From the archive: A further word on educational inequality
Yesterday I explained why inaccurate use of the term “educational inequality” makes me uneasy. But then I started thinking about a gross educational inequality that is hardly ever mentioned, and it made me madder and madder.
Here is the school building that the teachers and pupils of Rugby School see when they arrive to learn:
Here is the school building me and the pupils I taught saw:
Spot any differences?
Here is a corridor at Westminster School:
|Westminster School by Ruggero Rossi|
Here is the corridor my classroom was on. In one direction and then the other:
Yes the bucket was necessary for a roof leak.
Here is a classroom at the very expensive St. Paul’s School:
Here is the classroom I taught in during the second year (and a later year):
This second one looks great, until you realise that three of its wall are surrounded by the playground where students are doing PE, and it has a plastic roof which means if it’s raining you have to shout at 100 decibels before anyone can hear your instructions.
Here are the 45 acres of sporting fields that St Paul’s School in London has:
Here’s the…oh wait…we don’t have any fields.
Here’s the library at St Paul’s Girls’ School:
Here’s the….oh no…wrong again. The library was taken over by the exclusion unit.
Here’s the drama studio at Eton which has a flying system, orchestra pit, revolving stage, make-up studios, a stocked wardrobe, dressing rooms, a full-time designer and a fleet of technical staff.
Here’s our drama studio that had plants growing through the walls.
It did not have to be this way People often ask: Why didn’t the school look after its buildings better? It did. They ploughed thousands into keeping it together and resolving issues, but they almost invariably reared their head again and again because the school needed knocking down and redoing. In 2003, even Ofsted concurred, reporting in their inspection documents that the building had “reached the end of its useful life”.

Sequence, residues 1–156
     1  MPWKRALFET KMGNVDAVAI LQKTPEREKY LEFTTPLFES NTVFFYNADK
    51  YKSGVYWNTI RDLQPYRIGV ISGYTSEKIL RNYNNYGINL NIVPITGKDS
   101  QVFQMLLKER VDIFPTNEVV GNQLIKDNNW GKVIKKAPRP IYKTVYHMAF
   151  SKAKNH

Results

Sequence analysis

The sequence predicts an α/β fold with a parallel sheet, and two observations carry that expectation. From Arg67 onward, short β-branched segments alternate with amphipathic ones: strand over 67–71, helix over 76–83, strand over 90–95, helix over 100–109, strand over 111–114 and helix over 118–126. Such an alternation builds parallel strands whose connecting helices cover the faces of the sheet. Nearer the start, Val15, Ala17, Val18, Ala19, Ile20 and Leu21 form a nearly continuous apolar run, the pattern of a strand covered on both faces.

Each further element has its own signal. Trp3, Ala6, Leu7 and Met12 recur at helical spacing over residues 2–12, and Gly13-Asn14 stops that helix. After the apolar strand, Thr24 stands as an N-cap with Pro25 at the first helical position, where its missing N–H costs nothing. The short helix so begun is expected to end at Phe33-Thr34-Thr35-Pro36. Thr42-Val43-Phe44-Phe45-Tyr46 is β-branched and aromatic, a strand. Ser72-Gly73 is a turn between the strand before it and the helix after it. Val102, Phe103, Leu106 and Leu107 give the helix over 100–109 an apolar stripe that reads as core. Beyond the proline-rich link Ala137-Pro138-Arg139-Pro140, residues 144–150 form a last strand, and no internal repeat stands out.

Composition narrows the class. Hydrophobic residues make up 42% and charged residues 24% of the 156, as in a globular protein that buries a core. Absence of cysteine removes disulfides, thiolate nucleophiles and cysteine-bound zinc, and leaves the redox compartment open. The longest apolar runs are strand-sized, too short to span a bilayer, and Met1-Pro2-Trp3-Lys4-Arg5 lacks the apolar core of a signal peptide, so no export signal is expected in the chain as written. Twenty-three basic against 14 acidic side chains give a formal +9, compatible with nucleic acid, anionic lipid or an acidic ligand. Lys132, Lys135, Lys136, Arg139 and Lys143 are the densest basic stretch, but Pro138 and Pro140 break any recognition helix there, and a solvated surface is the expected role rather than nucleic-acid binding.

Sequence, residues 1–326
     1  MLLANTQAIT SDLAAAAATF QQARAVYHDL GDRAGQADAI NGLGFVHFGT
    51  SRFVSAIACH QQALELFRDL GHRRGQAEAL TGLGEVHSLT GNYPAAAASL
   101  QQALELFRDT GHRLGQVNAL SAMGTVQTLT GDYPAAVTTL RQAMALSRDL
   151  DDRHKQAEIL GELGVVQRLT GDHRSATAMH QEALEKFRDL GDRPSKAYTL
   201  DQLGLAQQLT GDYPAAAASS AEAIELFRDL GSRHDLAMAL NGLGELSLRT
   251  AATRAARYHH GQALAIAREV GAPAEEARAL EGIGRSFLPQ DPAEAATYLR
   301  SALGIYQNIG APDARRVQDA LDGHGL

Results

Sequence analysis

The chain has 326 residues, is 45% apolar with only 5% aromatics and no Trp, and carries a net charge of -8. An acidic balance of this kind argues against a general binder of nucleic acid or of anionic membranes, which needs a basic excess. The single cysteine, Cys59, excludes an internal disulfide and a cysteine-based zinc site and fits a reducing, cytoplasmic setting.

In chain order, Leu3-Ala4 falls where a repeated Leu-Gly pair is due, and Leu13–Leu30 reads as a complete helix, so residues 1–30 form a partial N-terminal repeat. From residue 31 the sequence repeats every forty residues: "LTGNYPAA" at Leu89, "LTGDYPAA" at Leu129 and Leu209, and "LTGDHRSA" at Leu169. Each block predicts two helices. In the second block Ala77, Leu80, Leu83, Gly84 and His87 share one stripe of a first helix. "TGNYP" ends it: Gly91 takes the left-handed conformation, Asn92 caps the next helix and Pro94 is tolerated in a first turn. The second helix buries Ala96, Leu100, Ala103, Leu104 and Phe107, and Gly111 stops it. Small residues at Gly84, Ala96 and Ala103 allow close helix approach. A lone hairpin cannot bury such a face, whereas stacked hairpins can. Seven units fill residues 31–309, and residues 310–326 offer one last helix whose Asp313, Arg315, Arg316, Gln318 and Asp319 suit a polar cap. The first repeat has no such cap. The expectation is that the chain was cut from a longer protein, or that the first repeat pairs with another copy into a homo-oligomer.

The period I taught in was after this as the school waited patiently for a new site to become available. Then, when it did, the school was six weeks away from beginning its new BSF school and the money was cut. The site of the planned new build was given to a Free School. Only after a lengthy battle – which has meant the school has been in unsatisfactory condition for a decade – the school has finally been granted Priority Schools Build money and thankfully building works will start this summer even if progress is going to be slow.
But it doesn’t resolve the fact that THIS is educational inequality. Living in a country where some children spend 5 hours a day in freezing classrooms, with plastic leaking roofs and mould growing through walls while others are not just in ‘comfort’ but are fully surrounded by facilities beyond the imaginations of most is inequality of input – it is giving children a fundamentally different experience. Yet it’s never what I hear challenged, and it certainly isn’t going to be changed merely by ‘improving teacher quality’.
And if anyone tells you that “buildings don’t matter” or “kids in other countries learn in mud huts” then ask them if they want their child to grow up, day-in day-out, in horrible physical conditions. I’m fairly certain I know what the answer will be.
Courtesy of Laura McInerney
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